TAIPEI, Taiwan — A proposed amendment to Taiwan’s Civil Code that aims to legalize same-sex marriage is under debate Monday in a legislative committee, marking the first time that such a bill has ever been reviewed at the parliamentary level in East Asia.
Cheng Li-chiun, one of the lawmakers who proposed the draft bill, said in the session of the Judiciary and Organic Laws and Statutes Committee that it is the Legislature’s responsibility to make changes to discriminatory or unfair laws, reports Taiwan’s Central News Agency.
“No one deserves to be deprived of their rights at birth to be on an equal footing with others just because of their psychological or biological differences,” Cheng said of the current system in Taiwan, which like many other countries only recognizes marriage between a man and a woman.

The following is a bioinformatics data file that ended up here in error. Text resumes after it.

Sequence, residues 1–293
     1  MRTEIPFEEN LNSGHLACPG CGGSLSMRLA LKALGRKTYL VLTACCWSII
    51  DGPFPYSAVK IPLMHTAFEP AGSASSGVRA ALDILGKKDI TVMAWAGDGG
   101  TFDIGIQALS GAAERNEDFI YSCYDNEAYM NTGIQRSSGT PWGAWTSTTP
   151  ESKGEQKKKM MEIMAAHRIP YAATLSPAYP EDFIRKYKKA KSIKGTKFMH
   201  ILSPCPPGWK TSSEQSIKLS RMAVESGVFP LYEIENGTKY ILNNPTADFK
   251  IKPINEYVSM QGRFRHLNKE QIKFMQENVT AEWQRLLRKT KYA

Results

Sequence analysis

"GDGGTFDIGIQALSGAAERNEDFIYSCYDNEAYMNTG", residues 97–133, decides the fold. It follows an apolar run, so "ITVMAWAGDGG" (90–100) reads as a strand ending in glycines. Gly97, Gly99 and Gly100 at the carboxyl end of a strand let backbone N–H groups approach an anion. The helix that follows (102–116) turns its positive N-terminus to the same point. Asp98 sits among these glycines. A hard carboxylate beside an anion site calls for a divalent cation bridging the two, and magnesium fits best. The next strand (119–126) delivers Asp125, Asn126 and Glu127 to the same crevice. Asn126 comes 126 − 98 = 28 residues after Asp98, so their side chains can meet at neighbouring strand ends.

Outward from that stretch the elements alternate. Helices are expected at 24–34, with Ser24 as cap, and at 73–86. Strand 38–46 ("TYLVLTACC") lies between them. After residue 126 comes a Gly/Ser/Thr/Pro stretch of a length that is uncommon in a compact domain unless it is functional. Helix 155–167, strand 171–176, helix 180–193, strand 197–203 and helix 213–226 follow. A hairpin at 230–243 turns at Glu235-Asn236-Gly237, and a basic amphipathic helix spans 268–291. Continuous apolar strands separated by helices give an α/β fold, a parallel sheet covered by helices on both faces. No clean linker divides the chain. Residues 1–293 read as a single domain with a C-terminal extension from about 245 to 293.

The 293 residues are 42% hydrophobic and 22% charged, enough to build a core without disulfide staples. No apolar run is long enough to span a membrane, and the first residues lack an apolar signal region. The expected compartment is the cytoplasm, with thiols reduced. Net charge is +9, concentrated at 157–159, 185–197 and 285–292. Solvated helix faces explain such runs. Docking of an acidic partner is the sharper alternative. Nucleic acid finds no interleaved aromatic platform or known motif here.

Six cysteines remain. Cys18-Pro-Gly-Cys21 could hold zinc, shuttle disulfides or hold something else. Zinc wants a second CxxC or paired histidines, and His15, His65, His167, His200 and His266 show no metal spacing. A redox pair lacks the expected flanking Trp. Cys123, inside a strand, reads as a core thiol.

Under the proposed amendment, the terms “man and woman,” “husband and wife” and “father and mother” in the Civil Code would be changed to the gender-neutral “two parties,” “spouses” and “parents,” respectively.
Article continues belowIn addition to legalizing same-sex marriage, the amendment would allow married, same-sex couples to adopt children.
The measure cleared a first reading last year and sent to committee for discussion. But until Monday, it had been shelved largely due to opposition from religious groups.
Bills must pass three readings in the legislature before being sent to the president for approval.